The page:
The Myth of the Shrinking Middle Class

Populist politics is all the rage this election year. Jonathon Edwards seems to be channeling the spirit of Huey Long as he vows to "Fight! Fight! Fight!" corporate greed. On the Republican side, Huckabee is making headway with populist rhetoric, winning the Iowa caucus with little financing. Central to the populist argument is the claim that the middle class is disappearing in the United States as a result of being exploited by corporate greed, tax policies that favor the rick, and international trade. Unfortunately for the populists, it is not true. George Will has an excellent article at Real Clear Politics where he gives some interesting facts.

Economist Stephen Rose, defining the middle class as households with annual incomes between $30,000 and $100,000, says a smaller percentage of Americans are in that category than in 1979 -- because the percentage of Americans earning more than $100,000 has doubled from 12 to 24, while the percentage earning less than $30,000 is unchanged. "So," Rose says, "the entire 'decline' of the middle class came from people moving up the income ladder." Even as housing values declined in 2007, the net worth of households increased.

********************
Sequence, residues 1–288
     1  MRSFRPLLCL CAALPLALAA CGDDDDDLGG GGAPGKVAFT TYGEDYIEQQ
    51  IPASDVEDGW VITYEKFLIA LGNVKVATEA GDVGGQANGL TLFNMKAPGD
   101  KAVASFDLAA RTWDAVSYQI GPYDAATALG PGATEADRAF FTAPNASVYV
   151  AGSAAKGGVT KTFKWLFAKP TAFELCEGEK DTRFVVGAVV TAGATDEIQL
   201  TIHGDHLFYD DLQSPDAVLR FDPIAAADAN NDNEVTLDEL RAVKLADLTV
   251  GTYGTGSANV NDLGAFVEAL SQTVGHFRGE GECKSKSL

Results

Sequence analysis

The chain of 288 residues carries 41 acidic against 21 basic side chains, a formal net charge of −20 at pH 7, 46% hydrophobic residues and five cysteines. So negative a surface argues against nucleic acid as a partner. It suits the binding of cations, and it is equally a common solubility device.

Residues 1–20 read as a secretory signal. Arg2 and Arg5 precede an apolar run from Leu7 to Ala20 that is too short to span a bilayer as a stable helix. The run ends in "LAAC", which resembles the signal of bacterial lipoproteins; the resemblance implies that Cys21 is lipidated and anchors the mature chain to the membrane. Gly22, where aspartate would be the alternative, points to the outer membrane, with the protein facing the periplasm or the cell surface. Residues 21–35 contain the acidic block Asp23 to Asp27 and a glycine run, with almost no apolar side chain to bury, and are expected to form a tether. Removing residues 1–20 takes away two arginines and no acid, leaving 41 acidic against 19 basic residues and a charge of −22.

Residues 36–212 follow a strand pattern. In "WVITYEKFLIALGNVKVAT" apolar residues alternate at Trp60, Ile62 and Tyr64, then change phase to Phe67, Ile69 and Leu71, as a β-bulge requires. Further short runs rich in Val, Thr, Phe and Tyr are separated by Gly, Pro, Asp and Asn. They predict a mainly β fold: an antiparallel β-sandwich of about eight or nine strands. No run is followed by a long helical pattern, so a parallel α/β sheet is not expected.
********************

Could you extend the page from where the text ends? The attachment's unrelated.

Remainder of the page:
Huckabee told heavily subsidized Iowa -- Washington's ethanol enthusiasm has farm values and incomes soaring -- that Americans striving to rise are "pushed down every time they try by their own government." Edwards, synthetic candidate of theatrical bitterness on behalf of America's crushed, groaning majority, says the rich have an "iron-fisted grip" on democracy and a "stranglehold" on the economy. Strangely, these fists have imposed a tax code that makes the top 1 percent of earners pay 39 percent of all income tax revenues, the top 5 percent pay 60 percent, and the bottom 50 percent pay only 3 percent.
See the whole article here.